CoxNews: Mind-Changing in Georgia


After a week of what the AJC called “withering criticism”, including some from former President Jimmy Carter, Superintendent of Schools Kathy Cox has changed her mind.

State Schools Superintendent Kathy Cox announced Thursday she will recommend that the word evolution be retained in Georgia’s proposed curriculum for middle and high school science.”I made the decision to remove the word evolution from the draft of the proposed biology curriculum in an effort to avoid controversy that would prevent people from reading the substance of the document itself,” Cox said in a statement. “Instead, a greater controversy ensued.”

Cox had proposed the phrase “biological changes over time,” a term that scientists derided as meaningless, be used instead.

“I am here to tell you that I misjudged the situation and I want to apologize for that. I want you to know today that I will recommend to the teacher teams that the word ‘evolution’ be put back in the curriculum,” she said.

Well, that’s nice. But it isn’t over yet. Apart from the troubling policy of vetting a curriculum by polling public opinion, Cox said nothing about restoring the other little change:

Cox made no statement on her decision to not include in the biology proposal several national standards for evolution instruction that many scientists say are critical for students to understand it. Those standards, culled from the American Association for the Advancement of Science benchmarks, include the explanation for natural selection and statements about the origins of life on Earth such as “life on Earth is thought to have begun as simple, one-celled organisms about 4 billion years ago.”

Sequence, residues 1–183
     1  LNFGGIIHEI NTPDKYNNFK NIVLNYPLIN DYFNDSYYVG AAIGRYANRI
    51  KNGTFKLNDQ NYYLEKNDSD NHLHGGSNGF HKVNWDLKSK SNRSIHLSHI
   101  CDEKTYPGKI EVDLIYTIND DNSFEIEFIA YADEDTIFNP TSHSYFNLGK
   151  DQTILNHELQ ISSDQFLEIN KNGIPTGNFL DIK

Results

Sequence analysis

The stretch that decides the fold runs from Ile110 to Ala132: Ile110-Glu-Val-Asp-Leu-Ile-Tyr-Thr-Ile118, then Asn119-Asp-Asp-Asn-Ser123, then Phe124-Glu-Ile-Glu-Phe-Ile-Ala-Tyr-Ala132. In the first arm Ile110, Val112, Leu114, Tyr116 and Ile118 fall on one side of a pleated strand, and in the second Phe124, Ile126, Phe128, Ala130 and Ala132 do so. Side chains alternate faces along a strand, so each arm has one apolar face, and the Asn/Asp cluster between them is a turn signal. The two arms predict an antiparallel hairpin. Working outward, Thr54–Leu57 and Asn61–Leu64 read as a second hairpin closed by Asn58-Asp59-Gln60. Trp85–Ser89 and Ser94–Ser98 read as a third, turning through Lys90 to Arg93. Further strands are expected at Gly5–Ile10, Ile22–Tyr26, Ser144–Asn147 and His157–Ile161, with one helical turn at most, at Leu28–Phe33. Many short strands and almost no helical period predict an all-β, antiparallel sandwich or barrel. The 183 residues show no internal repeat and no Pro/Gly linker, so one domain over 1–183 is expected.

Which leads one to wonder what her next step will be. One scientist put it succinctly:

“I am glad she came to her senses,” said Jung Choi, associate professor of biology at Georgia Tech Thursday morning.”I expected she would. What I am concerned about is whether she will go on the other side and include creation science and intelligent design [in the curriculum], the so-called alternative theories that she has mentioned before.”

Choi said it is essential students study evolution before reaching college.

“I think it is critical because biology does not really make sense without evolution. It is the very first topic that we cover in freshman biology. There’s too many students that come to Georgia Tech that have not studied evolution before.” (emphasis added)

Sort of like trying to study astronomy when you’ve been told all your life that the sun revolves around the earth.

Cox is going to reconvene the curriculum panels sometime in the next month, and sometime after that, when the dust has died down and everyone has forgotten this little brouhaha, the curriculum will be chosen. Will GED’s Pruitt (who has largely escaped notice by the press for his role in all this) wander down and “order” the panels to inject creationism as an “alternative theory” as he “ordered” them to remove the words “evolution” and “long”? Or will Pruitt and Cox back off entirely and put the study of evolution and the true age of the earth back into the curriculum?

Stay tuned.

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